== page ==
Recently, Porter has started to write about corporate social responsibility , applying his thinking about competition to social issues.




W. EDWARDS DEMING
I think I was the only man in Japan in 1950 who believed my prediction -that within five years , manufacturers the world over would be screaming for protection (from Japanese imports).It took four years.

After the Second World War , Deming went to Japan to advise on a census that was taking place there. He stayed on to advise Japanese businessmen how to inject quality into manufacturing industry. At the time, Japan was notorious for the poor quality goods that it produced. By the late 1970s Japan was producing quality stuff.

Behind the Japanese quality miracle was W. Edwards Deming who had begun to teach middle managers about quality. Deming's approach involved demonstrating that all business processes are vulnerable to a loss of quality through statistical variation. Management, he argued , was responsible for 85 percent of that variation . Reduce the variation; increase the quality , was the foundation of his advice.

Deming's method for bringing this about was built on what became known as quality circle. These circles consisted of groups of workers who sought to improve the processes that they were responsible for, in four stages. First, the planning of how to do it, then the implementation of that plan. Then, workers would check variances from anticipated outcomes and take any corrective action that was necessary.

Over a number of years he came to distill his advice for managers into "14 points", which ranged from quality related items such as "cease dependence on mass inspection. Build quality into the product from the start", to more human issues such as remove barriers to pride workmanship".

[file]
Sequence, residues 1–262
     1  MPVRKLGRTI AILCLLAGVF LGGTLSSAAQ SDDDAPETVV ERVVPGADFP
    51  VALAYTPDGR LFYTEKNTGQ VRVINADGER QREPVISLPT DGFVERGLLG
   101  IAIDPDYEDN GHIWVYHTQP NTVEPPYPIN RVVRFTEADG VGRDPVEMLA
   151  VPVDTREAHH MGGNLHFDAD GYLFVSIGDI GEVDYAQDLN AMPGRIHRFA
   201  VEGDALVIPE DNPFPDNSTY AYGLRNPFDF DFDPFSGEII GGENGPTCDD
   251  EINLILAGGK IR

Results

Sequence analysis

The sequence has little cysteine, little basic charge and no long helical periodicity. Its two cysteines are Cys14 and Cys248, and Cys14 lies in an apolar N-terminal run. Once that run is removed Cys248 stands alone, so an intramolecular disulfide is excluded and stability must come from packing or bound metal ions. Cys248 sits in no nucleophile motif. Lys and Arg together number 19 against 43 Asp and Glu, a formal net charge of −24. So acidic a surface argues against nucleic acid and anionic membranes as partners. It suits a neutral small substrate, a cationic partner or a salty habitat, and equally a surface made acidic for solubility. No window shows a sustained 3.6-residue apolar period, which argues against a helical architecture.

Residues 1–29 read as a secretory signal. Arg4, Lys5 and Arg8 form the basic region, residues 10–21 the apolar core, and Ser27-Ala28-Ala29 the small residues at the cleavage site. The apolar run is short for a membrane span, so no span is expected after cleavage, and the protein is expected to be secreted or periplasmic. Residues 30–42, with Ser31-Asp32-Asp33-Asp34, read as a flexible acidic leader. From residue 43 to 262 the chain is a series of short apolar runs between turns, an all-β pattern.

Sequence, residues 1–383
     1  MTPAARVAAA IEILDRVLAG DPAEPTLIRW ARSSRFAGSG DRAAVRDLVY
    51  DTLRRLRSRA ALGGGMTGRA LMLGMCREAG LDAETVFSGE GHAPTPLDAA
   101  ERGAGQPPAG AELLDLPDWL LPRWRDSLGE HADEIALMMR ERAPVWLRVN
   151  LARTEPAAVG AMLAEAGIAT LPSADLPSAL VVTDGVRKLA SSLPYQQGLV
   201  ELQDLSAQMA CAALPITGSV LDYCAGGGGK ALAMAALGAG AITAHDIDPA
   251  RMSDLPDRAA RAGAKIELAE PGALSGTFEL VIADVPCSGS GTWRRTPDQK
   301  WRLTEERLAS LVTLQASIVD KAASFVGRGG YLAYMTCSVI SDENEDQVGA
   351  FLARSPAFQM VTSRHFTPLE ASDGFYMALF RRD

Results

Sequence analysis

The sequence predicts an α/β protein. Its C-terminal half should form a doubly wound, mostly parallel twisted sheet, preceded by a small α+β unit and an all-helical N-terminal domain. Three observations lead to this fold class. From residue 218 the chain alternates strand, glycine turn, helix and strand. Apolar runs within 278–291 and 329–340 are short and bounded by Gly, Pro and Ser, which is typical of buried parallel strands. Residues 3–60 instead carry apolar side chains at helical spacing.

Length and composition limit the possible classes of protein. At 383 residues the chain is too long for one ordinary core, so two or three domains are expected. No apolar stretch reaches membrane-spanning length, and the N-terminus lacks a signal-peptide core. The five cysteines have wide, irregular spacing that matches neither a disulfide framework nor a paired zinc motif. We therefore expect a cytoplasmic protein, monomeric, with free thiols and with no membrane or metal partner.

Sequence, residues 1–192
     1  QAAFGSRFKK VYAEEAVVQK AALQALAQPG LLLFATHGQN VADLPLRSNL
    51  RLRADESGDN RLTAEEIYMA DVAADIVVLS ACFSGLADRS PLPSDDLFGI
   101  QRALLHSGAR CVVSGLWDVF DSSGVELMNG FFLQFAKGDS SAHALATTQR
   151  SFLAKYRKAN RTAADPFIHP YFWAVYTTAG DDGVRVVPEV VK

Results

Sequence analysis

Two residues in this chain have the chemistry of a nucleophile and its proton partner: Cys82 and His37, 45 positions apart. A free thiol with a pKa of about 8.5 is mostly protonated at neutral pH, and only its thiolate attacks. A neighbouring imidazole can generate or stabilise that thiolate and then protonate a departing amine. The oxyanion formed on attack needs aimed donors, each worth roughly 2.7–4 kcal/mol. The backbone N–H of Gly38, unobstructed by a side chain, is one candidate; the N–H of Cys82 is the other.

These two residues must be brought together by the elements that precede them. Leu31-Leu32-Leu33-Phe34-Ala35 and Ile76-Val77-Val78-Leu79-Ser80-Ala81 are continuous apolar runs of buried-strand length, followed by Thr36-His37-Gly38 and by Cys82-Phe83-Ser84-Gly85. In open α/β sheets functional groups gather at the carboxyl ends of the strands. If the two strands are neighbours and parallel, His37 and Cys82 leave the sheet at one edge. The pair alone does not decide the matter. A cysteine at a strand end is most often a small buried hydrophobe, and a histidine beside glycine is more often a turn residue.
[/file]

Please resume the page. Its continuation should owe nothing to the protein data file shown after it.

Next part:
GARY HAMEL
Strategy didn't start with Igor Ansoff neither did it star with Machiavelli. It did not even start with Sun Tzu. Strategy is as old as human conflict.

Gary Hamel brought a new focus to the subject of corporate strategy, building his reputation with the idea of core competencies. "Core competencies are the collective learning in the organization, especially how to coordinate diverse production skills and integrate multiple streams of technologies", they are the things that an organization does exceptionally well.

Hamel took corporate strategy away from the precision of traditional planning. Strategic innovation, he said , will be the main source of competitive advantage in the future. Traditional strategic planning , he argued , is not strategic ; rather it is a calendar driven ritual about plans and planning. Great strategies come from challenging the status -quo.In his recent book he argues: "Like the combustion engine , it's a technology that has largely stopped evolving and that's not good."  What then does the future management hold? Hamel doesn't say "My goal in writing this book was not to predict the future of management , but help invent it, he wrote. Useful things to bear in mind , he suggested , are the need for companies to have purpose  to seek out ideas from the fringes, and to embrace the democratising power of the Internet.



LAURENCE PETER
In a hierarchy, every employee tends to rise to his level of incompetence.

Not many management gurus have their name adopted for a principle, especially when they are not really a guru at all . The Peter Principle first appeared on the cover of the book of the same name;it has since become part of the English Language.

The book was an instant hit. Peter's corollary stated:"In time , every post tends to be occupied by an employee who is incompetent to carry out its duties". One reviewer wrote at the time. "There is a chilling touch of truth behind the whole thing." Industrial organizations realized that it applied to many of them. Most hierarchies know the outstanding finance director who is promoted to be an outstandingly disastrous CEO. Taken to extremes , the Peter Principle is a deeply depressing idea. It means that all employees who are not already hopeless at their job are merely in transit to a desk where they will be. Peter's solution to this "philosophy of despair" was to recommend "creative incompetence" . Anyone can avoid disastrous promotion by creating " the impression that you have already reached your level of incompetence. Creative incompetence will achieve the best results if you choose an area of incompetence which does not directly hinder you in carrying out the main duties of your present position."While looking round your office , you may find yourself wondering who is practicing creative incompetence.